During the last days of classes before final examinations, 35 Thomas Aquinas College juniors gathered in the rotunda of St. Thomas Hall to sing five hymns. The brief performance marked the latest chapter in a young but increasingly anticipated campus tradition.
This was not a performance of the Thomas Aquinas College Choir. Indeed, many of the students have little or no choral experience. As members of the College’s junior class, the singers are students in the music tutorial  that is required in the third year of the College’s integrated academic program. Students in the tutorial study music’s inner mathematical structure and learn how to read music.
The emphasis on singing, with the public performance at the end of the semester, is a new phenomenon, the inspiration of Dr. Phillip Wodzinski , a tutor  on the College’s teaching faculty . After his first semester teaching the tutorial in the fall 2010, Dr. Wodzinski was eager to showcase his students’ achievements; so he arranged for the mid-afternoon performance in the College’s faculty and administration building — surprising and delighting passersby.
Buoyed by this success he has arranged for subsequent performances at the end of every semester ever since. “This performance,” says Dr. Wodzinski, “is a way for the students to close off a semester of hard work that has combined some difficult theoretical reflection on the nature of music with some effort to analyze and perform some basic choral music.”
Below are audio clips of the juniors’ five end-of-the-year hymns, accompanied by Dr. Wodzinski’s description of each one. (Note: To download a clip, click on the down arrow in the audio player.)
“And Did Those Feet in Ancient Time”
1. The lyrics of “And Did Those Feet in Ancient Time” come from William Blake’s (1757-1827) poem making use of the English legend that Joseph of Arimathea, a well-traveled merchant, brought the adolescent Jesus to England for a visit. The song was used by various political movements (left and right) prior to finding a home in Anglican churches as well as an unofficial English national anthem. The tune, generally referred to as “Jerusalem,” was composed for unison voices by Charles Hubert Hastings Parry (1848-1918). The students sing Philip Legge’s recent four-part arrangement of Parry’s tune. The D-major piece has two stanzas, the second of these with a slightly different rhythm that adds subtle intensity. In 1973, the rock group Emerson, Lake, and Palmer recorded a version of this anthem; a more traditional performance can be heard prior to the closing credits of the film Chariots of Fire.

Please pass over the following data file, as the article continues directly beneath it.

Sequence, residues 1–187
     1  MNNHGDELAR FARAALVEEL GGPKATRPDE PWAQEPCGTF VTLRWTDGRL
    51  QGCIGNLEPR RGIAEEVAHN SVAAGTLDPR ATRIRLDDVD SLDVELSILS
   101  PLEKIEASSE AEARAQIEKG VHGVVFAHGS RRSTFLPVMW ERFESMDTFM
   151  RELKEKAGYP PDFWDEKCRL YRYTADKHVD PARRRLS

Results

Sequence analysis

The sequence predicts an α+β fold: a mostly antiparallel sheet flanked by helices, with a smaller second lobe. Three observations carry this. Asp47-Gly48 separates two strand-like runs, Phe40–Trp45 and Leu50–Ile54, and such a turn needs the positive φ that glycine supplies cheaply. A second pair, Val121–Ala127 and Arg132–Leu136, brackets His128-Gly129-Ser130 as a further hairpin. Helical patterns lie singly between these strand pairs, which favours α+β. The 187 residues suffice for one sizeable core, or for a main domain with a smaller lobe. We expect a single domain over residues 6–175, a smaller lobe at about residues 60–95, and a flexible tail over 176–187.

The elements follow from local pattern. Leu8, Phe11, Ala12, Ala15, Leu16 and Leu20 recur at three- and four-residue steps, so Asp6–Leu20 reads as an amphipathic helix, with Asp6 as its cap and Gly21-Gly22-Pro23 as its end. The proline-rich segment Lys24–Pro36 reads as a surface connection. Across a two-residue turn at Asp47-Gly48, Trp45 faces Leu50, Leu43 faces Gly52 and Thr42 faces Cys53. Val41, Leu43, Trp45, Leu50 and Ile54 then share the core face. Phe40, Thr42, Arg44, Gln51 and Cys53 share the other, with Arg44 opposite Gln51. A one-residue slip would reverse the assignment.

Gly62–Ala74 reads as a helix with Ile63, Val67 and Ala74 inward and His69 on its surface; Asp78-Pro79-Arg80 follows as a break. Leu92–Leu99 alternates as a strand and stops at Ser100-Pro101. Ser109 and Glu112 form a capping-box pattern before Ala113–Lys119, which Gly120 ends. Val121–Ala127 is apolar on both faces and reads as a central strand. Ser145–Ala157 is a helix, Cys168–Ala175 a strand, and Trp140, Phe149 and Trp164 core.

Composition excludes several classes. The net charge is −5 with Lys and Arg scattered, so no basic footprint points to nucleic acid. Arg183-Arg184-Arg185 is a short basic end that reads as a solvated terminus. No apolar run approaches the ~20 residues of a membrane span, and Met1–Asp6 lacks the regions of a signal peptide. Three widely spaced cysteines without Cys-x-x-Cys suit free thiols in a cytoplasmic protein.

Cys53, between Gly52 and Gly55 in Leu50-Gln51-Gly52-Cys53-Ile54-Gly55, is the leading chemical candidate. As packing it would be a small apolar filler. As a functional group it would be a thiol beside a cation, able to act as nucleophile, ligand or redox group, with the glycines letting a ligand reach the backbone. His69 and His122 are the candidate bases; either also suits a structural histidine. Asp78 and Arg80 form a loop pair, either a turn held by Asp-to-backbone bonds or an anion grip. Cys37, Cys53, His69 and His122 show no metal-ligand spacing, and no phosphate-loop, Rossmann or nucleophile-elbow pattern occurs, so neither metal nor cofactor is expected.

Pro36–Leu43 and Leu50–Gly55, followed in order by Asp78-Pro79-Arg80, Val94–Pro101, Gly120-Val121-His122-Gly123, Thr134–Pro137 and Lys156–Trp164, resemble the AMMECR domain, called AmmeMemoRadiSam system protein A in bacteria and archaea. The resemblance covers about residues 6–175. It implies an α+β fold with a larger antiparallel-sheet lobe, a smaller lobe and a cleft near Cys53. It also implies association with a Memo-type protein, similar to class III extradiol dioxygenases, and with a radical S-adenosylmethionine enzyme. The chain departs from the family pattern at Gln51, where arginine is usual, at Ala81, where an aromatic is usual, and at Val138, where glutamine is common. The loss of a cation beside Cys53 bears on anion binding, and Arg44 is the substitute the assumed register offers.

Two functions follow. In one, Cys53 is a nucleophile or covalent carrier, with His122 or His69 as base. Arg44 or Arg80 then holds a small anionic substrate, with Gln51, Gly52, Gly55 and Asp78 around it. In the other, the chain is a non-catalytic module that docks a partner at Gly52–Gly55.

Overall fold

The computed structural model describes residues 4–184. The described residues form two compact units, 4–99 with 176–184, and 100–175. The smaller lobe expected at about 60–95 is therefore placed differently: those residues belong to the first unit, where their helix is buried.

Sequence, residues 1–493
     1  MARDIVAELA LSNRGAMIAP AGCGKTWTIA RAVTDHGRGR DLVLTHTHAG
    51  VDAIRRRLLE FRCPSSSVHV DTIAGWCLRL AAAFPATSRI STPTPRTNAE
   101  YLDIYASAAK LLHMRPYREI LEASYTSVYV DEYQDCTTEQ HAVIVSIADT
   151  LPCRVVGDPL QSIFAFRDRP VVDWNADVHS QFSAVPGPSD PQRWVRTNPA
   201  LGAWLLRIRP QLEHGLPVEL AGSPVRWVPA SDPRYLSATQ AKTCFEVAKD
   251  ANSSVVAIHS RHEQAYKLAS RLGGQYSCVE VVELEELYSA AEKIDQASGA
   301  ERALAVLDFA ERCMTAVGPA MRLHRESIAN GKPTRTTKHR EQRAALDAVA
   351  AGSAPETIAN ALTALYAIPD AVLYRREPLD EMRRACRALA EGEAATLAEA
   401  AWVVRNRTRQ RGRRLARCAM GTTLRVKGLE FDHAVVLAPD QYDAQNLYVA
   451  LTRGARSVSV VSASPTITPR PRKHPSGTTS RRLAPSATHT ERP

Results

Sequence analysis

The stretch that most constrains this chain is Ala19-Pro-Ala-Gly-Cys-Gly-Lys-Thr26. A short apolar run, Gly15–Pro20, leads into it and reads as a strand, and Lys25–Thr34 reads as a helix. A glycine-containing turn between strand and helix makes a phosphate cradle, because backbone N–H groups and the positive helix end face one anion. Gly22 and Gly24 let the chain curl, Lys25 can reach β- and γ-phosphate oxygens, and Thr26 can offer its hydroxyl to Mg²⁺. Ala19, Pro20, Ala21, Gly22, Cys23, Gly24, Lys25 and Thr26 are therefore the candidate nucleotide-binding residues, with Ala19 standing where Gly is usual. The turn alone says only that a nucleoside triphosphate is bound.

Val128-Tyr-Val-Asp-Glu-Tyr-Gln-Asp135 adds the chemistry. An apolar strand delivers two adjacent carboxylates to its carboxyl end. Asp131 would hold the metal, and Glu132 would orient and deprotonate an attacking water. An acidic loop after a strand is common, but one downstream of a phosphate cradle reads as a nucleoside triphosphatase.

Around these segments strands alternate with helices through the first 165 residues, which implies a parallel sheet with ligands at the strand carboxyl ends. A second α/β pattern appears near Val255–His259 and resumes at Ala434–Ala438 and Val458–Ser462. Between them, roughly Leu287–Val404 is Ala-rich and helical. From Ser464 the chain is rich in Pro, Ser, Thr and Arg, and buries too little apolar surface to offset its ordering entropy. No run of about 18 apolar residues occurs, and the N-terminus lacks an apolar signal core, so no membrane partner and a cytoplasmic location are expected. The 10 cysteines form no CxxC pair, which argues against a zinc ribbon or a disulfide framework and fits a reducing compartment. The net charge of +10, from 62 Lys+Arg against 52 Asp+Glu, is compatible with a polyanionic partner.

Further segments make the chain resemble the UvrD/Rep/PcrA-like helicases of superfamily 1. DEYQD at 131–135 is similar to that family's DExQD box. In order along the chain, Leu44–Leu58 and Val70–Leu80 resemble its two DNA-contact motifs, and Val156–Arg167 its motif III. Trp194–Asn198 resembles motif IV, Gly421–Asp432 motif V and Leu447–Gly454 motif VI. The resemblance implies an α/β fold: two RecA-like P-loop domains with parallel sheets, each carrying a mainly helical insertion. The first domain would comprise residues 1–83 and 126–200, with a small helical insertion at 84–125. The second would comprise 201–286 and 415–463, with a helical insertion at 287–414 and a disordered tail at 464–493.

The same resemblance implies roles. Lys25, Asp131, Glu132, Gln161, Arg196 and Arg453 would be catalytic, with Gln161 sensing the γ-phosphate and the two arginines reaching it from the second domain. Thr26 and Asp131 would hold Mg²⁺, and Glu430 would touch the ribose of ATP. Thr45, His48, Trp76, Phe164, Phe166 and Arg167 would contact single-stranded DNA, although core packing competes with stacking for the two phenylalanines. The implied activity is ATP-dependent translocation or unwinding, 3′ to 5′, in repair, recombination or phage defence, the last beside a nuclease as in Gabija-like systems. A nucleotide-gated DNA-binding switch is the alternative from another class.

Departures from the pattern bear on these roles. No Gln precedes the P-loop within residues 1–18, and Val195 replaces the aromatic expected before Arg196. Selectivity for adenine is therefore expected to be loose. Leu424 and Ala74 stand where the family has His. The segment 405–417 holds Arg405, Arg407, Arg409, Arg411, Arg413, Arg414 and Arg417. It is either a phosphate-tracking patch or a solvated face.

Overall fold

“Holy God, We Offer Here”
2. “Holy God, We Offer Here,” a hymn by English Hymnal text-editor Percy Dearmer (1867-1936). The music is Ralph Vaughan Williams’s adaptation of “Da zu dir der Heiland kam,” a chorale found at the beginning of the first act of Richard Wagner’s Die Miestersinger von Nuernberg, where a choir sings a hymn in honor of St. John the Baptist. The key of the music is B-flat major, with excursions into F-major, then d-minor and g-minor and then back to B-flat major. The phrases at the end are a little tonally ambiguous but not so chromatic as to erase the role of B-flat as the common measure. The tempo of this beautiful hymn is a little slow, which makes it something of a challenge to sing.
“Let God Arise in Majesty”
3. For a change of pace the students then sing the driving but not overly fast “Let God Arise in Majesty,” set to the second mode (E-hypodorian) melody of Thomas Tallis (1515-1585). In more familiar terms, the piece begins in e-minor, moves to a-minor, and then to G-major before returning to G-major’s relative, e-minor. The first and fourth verses are from Psalm 68, translated (in 1567) by Matthew Parker, for which the music was originally composed; the second and third verses are taken from a translation of an eight-century Greek book of hours. The composition is such that the tenors sing a melody almost identical to that of the sopranos; this allows the tenors (accompanied by the basses) to handle verse two without the ladies and the sopranos (backed by the altos) to sing verse three without the men. Verse four is a pleasing reintegration of all four voices and both melodies. Overall, Tallis’ tune was described by Parker as “sad, in majesty.”
“Dear Lord and Father of Mankind”
4. The fourth hymn is the gentle “Dear Lord and Father of Mankind,” with lyrics by John Greenleaf Whittier (1807-1892), an American Quaker. It is taken from a larger poem, The Brewing of Soma, which concerns the taking of hallucinogenic drugs as a means of arriving at a state of religious ecstasy. As one student put it, this poem could be taken as an early example of “Just say no.” Several different tunes have been associated with the lyrics, but the students will sing the one commonly used in England: “Repton,” composed by Charles Hubert Hastings Parry (see above). The music, written for solo soprano and usually sung by choirs in unison, is here sung using a recent four-part arrangement; the key is E-major with no modulation. (More hymns-in-cinema trivia: this one plays a pivotal role in the Whit Stillman film The Last Days of Disco.)
“O God of Earth and Altar”
5. The students wrap up with “O God of Earth and Altar” (Vaughan Williams’ harmonization of an English folk tune paired with text by G. K. Chesterton).